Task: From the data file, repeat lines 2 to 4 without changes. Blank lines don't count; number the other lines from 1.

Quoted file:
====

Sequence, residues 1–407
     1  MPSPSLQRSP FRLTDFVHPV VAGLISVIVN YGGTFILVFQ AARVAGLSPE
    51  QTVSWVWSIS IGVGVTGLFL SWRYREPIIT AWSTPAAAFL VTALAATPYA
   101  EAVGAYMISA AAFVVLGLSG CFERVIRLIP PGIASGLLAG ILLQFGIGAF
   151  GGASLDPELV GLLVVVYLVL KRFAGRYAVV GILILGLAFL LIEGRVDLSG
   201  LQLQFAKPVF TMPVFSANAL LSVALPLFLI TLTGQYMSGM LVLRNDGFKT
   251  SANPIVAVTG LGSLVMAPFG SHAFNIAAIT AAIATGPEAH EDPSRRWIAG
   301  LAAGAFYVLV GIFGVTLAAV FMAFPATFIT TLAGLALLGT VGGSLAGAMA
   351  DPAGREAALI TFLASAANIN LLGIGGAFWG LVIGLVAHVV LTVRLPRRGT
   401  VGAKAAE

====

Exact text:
     1  MPSPSLQRSP FRLTDFVHPV VAGLISVIVN YGGTFILVFQ AARVAGLSPE
    51  QTVSWVWSIS IGVGVTGLFL SWRYREPIIT AWSTPAAAFL VTALAATPYA
   101  EAVGAYMISA AAFVVLGLSG CFERVIRLIP PGIASGLLAG ILLQFGIGAF